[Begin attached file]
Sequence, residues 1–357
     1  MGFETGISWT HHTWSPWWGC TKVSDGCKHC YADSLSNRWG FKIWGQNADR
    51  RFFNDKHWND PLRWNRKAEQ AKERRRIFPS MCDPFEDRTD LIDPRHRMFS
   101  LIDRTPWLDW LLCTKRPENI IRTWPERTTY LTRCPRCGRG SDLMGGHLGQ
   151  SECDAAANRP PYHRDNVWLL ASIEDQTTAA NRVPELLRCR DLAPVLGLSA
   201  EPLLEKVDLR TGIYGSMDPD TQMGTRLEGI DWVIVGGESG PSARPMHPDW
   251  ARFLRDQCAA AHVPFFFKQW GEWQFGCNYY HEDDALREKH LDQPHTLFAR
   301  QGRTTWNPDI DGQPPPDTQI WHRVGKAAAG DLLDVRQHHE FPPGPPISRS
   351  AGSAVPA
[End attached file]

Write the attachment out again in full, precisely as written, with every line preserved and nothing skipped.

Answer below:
Sequence, residues 1–357
     1  MGFETGISWT HHTWSPWWGC TKVSDGCKHC YADSLSNRWG FKIWGQNADR
    51  RFFNDKHWND PLRWNRKAEQ AKERRRIFPS MCDPFEDRTD LIDPRHRMFS
   101  LIDRTPWLDW LLCTKRPENI IRTWPERTTY LTRCPRCGRG SDLMGGHLGQ
   151  SECDAAANRP PYHRDNVWLL ASIEDQTTAA NRVPELLRCR DLAPVLGLSA
   201  EPLLEKVDLR TGIYGSMDPD TQMGTRLEGI DWVIVGGESG PSARPMHPDW
   251  ARFLRDQCAA AHVPFFFKQW GEWQFGCNYY HEDDALREKH LDQPHTLFAR
   301  QGRTTWNPDI DGQPPPDTQI WHRVGKAAAG DLLDVRQHHE FPPGPPISRS
   351  AGSAVPA